Our sculpture garden, curated by Yvonne Shortt, is intended to be a dynamic link between The Norwalk Art Space museum and the adjoining community. The garden aims to inspire interaction and conversation in an artistic, welcoming environment. We have one permanent sculpture and three rotating sculptures which will change every two years. There will be public programming associated with each piece and around public art in general, as well as educational programs offering hands-on learning.
The permanent sculpture by Connecticut-based artist, Gilbert Boro, “After the Race III”, evokes memories of sailing on Long Island Sound. It was selected in part because of our founder, Alexandra Korry’s, love of sailing with her husband and daughters. "After the Race III" is a dynamic construction in welded steel, in which elegant curved surfaces rise 16 feet upward toward the sky. The intersecting planes energize negative and positive spaces around and within the sculpture. The carefully crafted steel plates are painted a vibrant orange, creating an ambience that reflects the light and energy of the day or evening. Gilbert Boro’s "After the Race sculpture series" was developed after many years of sailing and participation in sailboat races and regattas. Mr. Boro has had a distinguished career as a sculptor, architect, educator and international design consultant. His sculpture is concerned with the interplay of space, place and scale. He uses various materials, including steel, in this case, with the 16 foot height of the sculpture intended to help redefine our building as an art hub. Mr. Boro’s highly acclaimed work has been exhibited in museums and galleries throughout the United States and Europe.
AFTER THE RACE III
Ms. Teall's "Tulip Bulb" draws on natural imagery of bulbs and wombs to evoke a gestation period in which the sitter can grow through introspection and reflection before re-emerging into the community. In our current environment of political polarization and community-conscious isolation,"Tulip Bulb’s" perforated walls provide a semi-permeable space that encourages the participant to look inwards yet retain the expectation of re-emergence into the community.
Steel and outdoor-grade acrylic paint
Our curator, Yvonne Shortt, is one of the three selected rotating sculptors. Ms. Shortt is a public installation artist creating work focused on African American culture through her series titled, “African American Marbleization: An Act of Civil Disobedience”. Ms. Shortt currently has over 30 public art installations on view throughout the tri-state area and is building a boat to harvest clay from rivers and creeks to tell African American narratives.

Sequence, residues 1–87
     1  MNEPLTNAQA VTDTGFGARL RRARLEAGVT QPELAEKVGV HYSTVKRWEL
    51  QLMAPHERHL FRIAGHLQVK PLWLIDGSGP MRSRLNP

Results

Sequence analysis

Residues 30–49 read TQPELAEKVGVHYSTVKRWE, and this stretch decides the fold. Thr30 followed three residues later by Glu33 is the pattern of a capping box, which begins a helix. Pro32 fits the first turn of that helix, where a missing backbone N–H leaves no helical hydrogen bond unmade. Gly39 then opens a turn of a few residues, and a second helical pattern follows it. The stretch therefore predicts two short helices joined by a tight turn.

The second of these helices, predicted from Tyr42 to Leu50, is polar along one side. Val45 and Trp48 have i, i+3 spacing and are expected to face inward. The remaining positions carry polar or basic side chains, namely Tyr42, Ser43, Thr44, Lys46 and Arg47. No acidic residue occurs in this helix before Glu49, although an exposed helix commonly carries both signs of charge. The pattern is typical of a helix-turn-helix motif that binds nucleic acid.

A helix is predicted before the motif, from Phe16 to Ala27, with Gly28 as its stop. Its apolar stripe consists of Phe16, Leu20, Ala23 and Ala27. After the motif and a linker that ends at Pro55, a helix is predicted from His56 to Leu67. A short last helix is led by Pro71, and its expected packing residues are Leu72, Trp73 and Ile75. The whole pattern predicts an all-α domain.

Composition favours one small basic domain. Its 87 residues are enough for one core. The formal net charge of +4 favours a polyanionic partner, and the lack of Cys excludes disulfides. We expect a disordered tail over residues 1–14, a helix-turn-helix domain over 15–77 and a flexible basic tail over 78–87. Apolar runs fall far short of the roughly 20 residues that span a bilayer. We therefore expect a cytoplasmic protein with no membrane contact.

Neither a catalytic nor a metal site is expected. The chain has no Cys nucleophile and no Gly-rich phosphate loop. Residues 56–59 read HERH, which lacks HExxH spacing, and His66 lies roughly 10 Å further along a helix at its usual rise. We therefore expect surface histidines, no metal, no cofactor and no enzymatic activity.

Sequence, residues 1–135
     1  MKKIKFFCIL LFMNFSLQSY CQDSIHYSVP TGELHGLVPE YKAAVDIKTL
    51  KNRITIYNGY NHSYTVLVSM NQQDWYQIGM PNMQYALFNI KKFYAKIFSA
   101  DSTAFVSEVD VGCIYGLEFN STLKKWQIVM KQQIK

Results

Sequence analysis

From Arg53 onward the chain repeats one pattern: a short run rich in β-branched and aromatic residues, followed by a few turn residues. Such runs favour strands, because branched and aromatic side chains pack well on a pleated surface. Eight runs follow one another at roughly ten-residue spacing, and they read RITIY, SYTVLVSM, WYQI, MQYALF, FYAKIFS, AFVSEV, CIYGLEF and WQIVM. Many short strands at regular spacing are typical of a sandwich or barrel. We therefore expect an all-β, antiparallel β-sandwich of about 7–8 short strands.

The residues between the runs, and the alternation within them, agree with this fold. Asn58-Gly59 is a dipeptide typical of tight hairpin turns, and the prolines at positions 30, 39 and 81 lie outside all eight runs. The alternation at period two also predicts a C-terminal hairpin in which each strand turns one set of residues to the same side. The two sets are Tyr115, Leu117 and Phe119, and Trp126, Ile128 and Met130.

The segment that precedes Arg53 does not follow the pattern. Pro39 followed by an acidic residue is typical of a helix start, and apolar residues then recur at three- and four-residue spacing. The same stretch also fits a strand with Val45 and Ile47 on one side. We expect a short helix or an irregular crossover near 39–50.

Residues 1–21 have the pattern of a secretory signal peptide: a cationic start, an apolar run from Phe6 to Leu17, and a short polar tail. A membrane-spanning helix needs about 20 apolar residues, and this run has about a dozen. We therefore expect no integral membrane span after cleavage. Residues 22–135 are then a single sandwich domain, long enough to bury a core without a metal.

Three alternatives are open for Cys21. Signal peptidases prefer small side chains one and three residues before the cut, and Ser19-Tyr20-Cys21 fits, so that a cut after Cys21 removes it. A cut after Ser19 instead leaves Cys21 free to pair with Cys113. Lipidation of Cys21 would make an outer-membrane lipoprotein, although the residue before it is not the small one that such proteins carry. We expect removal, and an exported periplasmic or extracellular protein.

Ms. Shortt’s "Afro Pick: Don’t Go, Don’t Grow" draws from her own experiences as both a mother and a daughter. It depicts a moment of transition; of taking ownership and letting go. It does so using an object with a rich cultural history over 5,500 years old.
*The top pice of the Afro pick handle will change every so often in celebration of my African American narratives so keep stoping by.
AFRO PICK: DON'T GO, DON'T GROW
JANUS OF THE HOLLOW
Our third sculpture is titled “Janus of the Hollow” and is by artist Yves François Wilson. The piece documents Mr. Wilson’s grandfather’s journey from serving as a young Marine in South Carolina to working as one of the first black foremen at a shipyard in Bridgeport, Connecticut. The sculpture represents a gate of hope for the future and a recognition of the work of prior generations. It is made of an interlinked steel chain hanging suspended in an upright rectangle, seemingly weightless.
Yves’ print and sculpture works center on the idea of holding spiritual and historical value in the everyday. Through a mix of assemblage, portraiture, and site specific sculpture he seeks to create new and more inclusive narratives. Taking cues from Black visual traditions, indigenous oral storytelling, and everyday materials from the homes of family members he seeks to create new narratives for those with us and those who have passed.
After attending Parsons and The New School for Social Research he worked as a gallery assistant for Deitch Projects while maintaining his studio practice. This work led him to the film industry where he currently works as a camera technician and director of photography as a member of the International Cinematographers Guild.
Currently Yves is completing the “Relic” sculpture series which includes “Janus” (here on display) and working on a book of Polaroids and film portraits taken in Bridgeport, Connecticut over the course of ten years titled “New Port City”.
The second selected sculpture, “Tulip Bulb” is by artist Emily Teall. The piece draws on natural imagery of bulbs and wombs to evoke a gestation period. Ms. Teall is a multimedia artist with particular interests in sculpture, painting, and installation art. Ms. Teall’s current work draws from experiences with social anxiety and the role of the body in (particularly a female) identity. Ms. Teall is also a member of the The Norwalk Art Space’s inaugural class of Resident Artists.